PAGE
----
How to Find Ethically-Sourced Textiles
While much has been discovered and reported about human rights abuses in the global garment supply chain, textiles used in building products like shades, rugs, wall furnishings, and chair upholstery are also subject to significant risk.
The biggest threat to sourcing ethically is the lack of transparency in the textile supply chain. Products made abroad in the Central and South Asian countries where forced labor issues are prevalent such as India, Pakistan, China, and Japan are often cheaper and made in bulk, making it more appealing for architects, developers, and contracts to choose them. What’s more, illegal child labor is very common in the production of textiles. It’s recently come to light that Uyghur Muslims in China’s Xinjiang region are forced to work in unsafe conditions to produce one-fifth of the world’s cotton.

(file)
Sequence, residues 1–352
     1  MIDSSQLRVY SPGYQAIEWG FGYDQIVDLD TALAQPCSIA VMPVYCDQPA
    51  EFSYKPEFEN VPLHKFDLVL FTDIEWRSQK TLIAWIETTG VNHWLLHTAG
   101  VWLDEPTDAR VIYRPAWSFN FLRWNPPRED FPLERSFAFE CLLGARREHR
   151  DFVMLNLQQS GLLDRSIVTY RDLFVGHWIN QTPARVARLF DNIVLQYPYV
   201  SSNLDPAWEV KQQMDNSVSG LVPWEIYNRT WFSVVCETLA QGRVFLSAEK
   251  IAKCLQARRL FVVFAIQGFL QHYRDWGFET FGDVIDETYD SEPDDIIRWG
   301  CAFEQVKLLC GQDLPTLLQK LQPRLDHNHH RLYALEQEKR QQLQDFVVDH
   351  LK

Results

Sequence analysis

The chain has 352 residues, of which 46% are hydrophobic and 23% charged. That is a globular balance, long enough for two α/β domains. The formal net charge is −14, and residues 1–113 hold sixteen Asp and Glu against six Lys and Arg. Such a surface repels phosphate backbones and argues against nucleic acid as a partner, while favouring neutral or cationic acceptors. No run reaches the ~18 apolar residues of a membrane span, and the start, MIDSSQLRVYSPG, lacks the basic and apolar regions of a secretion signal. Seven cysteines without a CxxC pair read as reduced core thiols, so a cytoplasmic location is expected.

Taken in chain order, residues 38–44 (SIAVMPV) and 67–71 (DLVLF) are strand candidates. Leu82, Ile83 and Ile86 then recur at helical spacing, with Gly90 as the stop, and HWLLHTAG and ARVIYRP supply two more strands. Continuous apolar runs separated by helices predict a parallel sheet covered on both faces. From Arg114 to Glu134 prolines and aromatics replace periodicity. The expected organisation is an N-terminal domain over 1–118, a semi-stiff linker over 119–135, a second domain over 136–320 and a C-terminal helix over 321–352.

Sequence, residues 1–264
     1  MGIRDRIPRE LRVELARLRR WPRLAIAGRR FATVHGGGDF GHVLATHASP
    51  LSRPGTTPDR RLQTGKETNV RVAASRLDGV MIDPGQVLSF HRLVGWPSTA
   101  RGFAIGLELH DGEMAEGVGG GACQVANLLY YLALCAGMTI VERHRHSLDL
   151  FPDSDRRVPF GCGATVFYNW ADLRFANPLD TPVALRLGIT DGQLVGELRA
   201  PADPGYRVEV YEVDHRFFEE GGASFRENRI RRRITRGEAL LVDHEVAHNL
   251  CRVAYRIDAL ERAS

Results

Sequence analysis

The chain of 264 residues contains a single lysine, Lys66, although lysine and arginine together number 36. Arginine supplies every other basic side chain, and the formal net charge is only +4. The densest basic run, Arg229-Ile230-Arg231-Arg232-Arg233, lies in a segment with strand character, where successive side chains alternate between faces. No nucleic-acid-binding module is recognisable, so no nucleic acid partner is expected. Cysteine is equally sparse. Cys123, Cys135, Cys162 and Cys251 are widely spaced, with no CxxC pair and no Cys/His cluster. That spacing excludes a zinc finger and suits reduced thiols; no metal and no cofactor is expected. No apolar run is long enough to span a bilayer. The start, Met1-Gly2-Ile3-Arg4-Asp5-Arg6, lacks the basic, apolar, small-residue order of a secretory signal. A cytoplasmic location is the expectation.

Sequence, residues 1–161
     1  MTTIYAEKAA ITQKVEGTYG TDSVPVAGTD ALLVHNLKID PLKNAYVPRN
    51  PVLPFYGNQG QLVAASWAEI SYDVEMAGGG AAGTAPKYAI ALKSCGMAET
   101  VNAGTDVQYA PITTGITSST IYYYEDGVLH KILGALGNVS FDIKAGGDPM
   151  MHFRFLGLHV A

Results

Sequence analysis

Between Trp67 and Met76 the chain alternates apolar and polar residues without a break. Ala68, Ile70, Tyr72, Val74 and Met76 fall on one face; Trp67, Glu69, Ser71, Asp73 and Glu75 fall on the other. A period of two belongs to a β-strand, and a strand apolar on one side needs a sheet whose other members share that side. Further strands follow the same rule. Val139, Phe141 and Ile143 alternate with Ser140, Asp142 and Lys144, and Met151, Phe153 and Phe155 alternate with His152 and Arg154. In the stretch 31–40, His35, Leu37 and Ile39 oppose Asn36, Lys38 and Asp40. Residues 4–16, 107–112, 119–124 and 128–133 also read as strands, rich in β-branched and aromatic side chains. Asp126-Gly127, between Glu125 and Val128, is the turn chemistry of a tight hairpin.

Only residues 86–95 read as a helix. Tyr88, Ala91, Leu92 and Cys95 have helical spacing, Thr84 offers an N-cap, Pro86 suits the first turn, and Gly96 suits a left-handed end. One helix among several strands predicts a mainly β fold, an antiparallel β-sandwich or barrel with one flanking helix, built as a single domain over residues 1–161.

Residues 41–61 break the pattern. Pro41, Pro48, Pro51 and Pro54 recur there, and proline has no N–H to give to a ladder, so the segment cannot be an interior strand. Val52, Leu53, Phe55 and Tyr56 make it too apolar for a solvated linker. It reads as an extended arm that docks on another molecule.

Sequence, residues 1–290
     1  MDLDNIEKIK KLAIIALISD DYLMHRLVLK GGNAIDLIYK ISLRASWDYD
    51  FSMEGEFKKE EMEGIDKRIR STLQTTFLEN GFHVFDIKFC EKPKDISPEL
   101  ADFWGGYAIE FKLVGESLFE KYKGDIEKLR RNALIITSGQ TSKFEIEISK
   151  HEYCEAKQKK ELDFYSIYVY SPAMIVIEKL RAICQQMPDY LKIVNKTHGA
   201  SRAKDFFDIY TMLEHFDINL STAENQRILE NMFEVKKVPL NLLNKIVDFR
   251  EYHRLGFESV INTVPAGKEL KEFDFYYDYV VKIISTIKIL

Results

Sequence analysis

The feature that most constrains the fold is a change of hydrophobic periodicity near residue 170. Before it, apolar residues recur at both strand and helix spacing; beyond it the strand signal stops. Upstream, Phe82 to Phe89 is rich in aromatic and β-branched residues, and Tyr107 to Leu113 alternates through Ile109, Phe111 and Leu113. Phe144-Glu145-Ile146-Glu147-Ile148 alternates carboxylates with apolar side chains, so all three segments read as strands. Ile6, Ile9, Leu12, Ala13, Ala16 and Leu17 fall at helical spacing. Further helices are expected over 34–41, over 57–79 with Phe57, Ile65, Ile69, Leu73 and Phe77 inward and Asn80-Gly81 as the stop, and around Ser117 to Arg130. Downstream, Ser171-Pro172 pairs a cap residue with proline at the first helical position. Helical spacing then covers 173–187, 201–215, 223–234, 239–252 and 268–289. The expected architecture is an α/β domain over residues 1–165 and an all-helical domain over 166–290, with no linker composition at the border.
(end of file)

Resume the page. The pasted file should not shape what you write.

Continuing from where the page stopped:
This is why, according to Jackie Dittmar, vice president of marketing, design and product development at Mohawk Group, it’s important to begin the specification process for textile products early on in project development so as to ensure the chosen items will be forced-labor free. Her company, which specializes in carpet tile and hard surface flooring products, looks out for certifications such as the Living Product Challenge and Declare Labels (created by the International Living Futures Institute), Health Product Declarations (created by the Health Production Declaration Collaborative) and Environmental Product Declarations (created by UL).
Dittmar said the materials with the highest risk for forced labor in her purview are carpet tile, rugs, luxury vinyl tile, and the plastic used for backing flooring products.
The likelihood of finding such ethically made textiles also increases if the items are made domestically where it’s easier to hold manufacturers or the leadership at plants accountable, ensuring employees are given fair work hours and wages, access to daylight, little-to-no chemical exposure, safe conditions to work in, and good healthcare.